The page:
Porter’s value chain model for assessing the impact of the internet for environmental gains

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Copyright © 2006 Inderscience Enterprises Ltd.

Porter’s value chain model for assessing the impact

of the internet for environmental gains

Nazim U. Ahmed and Sushil K. Sharma*

Department of Information Systems and Operations Management Ball State University Muncie, IN 47306, USA

E-mail: nahmed@bsu.edu E-mail: ssharma@bsu.edu *Corresponding author

Abstract: The revolutionary potential of the internet promises to transform economic and environmental gains. By reducing the amount of energy and materials consumed by business, the internet stands to revolutionise the relation between economic growth and the environment. The internet is improving the capability to understand the science of environmental degradation and communicate that knowledge to public and private decision makers. It also helps decrease resource waste and associated pollution by improving the efficiency of economic activity and provides improved sensors and instantaneous telecommunications links to control pollution spillovers, better manage shared resources and reduce waste. This paper examines the impact and potential of internet-based technologies in the performance of important information and communication functions for resolving the environmental issues using Porter’s value chain model. Managerial implications of using the internet for environmental gains for SMEs are also discussed.

Keywords: internet; digital technologies; environment; Porter’s value chain model.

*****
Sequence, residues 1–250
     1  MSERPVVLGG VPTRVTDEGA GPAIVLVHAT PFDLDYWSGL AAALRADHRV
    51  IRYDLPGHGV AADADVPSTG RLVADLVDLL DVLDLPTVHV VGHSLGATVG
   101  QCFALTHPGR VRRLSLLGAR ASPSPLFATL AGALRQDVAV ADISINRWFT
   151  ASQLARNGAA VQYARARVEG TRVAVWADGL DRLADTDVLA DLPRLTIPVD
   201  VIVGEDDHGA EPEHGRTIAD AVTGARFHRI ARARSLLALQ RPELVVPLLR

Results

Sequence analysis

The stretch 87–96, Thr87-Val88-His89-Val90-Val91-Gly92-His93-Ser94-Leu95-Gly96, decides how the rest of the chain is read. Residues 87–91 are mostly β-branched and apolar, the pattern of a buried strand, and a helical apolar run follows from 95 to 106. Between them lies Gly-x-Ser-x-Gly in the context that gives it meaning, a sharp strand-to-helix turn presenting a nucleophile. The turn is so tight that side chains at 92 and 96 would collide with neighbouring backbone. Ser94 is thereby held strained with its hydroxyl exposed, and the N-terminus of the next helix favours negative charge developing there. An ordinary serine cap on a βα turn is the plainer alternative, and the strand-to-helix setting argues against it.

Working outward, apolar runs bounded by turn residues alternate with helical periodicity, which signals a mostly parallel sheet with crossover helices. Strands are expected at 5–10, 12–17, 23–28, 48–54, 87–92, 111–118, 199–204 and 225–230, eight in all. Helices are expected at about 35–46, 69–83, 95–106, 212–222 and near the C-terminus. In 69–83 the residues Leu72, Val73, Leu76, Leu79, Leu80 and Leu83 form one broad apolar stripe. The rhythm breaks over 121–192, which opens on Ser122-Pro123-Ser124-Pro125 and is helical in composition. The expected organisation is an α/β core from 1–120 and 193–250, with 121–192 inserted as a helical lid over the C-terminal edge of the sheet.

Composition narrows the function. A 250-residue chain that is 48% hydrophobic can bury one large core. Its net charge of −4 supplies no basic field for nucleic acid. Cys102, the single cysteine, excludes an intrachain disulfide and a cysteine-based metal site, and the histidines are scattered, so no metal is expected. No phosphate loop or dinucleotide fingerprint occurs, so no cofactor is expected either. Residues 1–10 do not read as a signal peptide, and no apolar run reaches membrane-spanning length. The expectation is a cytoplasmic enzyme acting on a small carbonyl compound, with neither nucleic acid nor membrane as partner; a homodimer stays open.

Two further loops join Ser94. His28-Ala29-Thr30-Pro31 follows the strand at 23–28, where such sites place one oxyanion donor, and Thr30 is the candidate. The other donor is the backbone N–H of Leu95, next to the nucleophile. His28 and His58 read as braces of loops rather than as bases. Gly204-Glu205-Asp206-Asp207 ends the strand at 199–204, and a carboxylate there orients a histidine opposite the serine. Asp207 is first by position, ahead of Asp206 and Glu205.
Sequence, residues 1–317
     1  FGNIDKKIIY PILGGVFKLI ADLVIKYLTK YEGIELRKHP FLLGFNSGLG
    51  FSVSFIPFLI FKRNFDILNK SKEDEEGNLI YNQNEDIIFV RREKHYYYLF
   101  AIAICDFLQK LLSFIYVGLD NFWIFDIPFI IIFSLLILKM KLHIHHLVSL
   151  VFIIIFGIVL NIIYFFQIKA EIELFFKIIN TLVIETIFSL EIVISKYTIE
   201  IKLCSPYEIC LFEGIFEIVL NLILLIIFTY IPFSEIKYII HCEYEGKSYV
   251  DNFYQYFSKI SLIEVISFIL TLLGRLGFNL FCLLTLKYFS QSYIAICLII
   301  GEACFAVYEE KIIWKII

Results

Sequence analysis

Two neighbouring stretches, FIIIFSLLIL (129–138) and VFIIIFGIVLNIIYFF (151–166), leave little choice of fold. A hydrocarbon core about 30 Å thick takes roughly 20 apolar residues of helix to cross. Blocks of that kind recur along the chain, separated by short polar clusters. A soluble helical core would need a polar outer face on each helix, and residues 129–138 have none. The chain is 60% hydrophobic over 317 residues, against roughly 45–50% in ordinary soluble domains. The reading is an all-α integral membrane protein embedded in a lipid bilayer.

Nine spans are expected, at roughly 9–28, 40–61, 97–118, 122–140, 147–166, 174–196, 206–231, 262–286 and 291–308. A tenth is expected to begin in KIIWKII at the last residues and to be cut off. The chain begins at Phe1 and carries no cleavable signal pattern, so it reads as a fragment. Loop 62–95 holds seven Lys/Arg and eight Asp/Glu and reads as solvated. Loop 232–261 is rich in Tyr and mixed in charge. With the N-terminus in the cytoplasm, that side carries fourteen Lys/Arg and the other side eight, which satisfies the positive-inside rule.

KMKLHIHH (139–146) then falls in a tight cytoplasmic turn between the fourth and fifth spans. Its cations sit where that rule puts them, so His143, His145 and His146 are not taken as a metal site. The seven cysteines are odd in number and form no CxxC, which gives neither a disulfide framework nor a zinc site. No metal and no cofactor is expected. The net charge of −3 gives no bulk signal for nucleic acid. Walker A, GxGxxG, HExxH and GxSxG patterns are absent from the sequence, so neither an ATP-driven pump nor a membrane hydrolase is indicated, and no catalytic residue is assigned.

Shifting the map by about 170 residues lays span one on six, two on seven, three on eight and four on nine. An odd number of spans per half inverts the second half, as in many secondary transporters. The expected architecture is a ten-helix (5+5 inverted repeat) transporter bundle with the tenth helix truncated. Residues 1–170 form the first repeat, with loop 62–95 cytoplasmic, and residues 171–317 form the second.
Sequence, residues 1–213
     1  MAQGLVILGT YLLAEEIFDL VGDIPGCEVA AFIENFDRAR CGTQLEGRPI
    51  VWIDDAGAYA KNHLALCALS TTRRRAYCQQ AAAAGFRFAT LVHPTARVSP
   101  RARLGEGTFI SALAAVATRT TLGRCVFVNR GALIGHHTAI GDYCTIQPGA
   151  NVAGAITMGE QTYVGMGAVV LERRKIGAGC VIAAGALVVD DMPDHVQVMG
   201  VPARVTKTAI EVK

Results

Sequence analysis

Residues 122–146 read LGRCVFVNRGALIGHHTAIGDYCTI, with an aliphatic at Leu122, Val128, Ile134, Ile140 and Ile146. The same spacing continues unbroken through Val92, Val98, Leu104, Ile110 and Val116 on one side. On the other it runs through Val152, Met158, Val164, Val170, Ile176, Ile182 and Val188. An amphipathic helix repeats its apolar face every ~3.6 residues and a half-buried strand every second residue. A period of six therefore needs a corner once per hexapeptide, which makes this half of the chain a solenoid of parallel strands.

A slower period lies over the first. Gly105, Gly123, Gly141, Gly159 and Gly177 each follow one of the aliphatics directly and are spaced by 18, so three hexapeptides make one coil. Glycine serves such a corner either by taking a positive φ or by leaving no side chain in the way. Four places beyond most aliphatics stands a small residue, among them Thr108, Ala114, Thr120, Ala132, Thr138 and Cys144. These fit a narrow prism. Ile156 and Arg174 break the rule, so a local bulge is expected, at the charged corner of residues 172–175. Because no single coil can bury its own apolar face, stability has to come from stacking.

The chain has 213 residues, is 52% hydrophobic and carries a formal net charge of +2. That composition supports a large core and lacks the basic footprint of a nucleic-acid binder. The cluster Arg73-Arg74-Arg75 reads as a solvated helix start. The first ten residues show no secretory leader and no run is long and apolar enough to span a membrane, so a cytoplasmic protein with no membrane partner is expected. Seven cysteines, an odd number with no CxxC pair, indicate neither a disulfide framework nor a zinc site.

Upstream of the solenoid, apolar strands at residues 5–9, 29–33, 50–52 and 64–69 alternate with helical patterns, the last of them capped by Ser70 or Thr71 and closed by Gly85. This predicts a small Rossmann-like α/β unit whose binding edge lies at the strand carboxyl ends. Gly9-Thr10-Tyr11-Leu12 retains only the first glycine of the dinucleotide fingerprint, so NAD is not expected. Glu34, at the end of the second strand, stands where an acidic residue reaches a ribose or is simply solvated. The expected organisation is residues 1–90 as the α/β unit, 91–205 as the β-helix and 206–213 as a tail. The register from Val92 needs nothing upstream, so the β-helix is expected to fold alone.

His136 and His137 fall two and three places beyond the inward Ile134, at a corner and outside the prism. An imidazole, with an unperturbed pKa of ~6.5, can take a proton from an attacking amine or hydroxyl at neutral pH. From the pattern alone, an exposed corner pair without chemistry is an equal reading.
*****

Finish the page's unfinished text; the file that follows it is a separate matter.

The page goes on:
Reference to this paper should be made as follows: Ahmed, N.U. and Sharma, S.K. (2006) ‘Porter’s value chain model for assessing the impact of the internet for environmental gains’, Int. J. Management and Enterprise Development, Vol. 3, No. 3, pp.278–295.

Biographical notes: Dr. Nazim U. Ahmed is a Professor of Information Systems and Operations Management at Ball State University, Muncie, Indiana, USA. His research interests include environmental management, total quality management, productivity improvement, supply-chain issues and e-commerce. He has published articles in International Journal of Production Research, Journal of Operations Management, Journal of Business Research, Transportation Research, International Journal of Operations and Production Management, Information and Management, Information Resource Management, Management Decisions, Production and Inventory Management, Journal of the Academy of the Marketing Science, International Journal of Policy and Information, Computers and Industrial Engineering and other journals.

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security, ERP systems, database management systems and knowledge management. Dr. Sharma has wide consulting experience in information systems and e-commerce and has served as advisor and consultant to several government and private organisations including World Bank-funded projects.

1 Introduction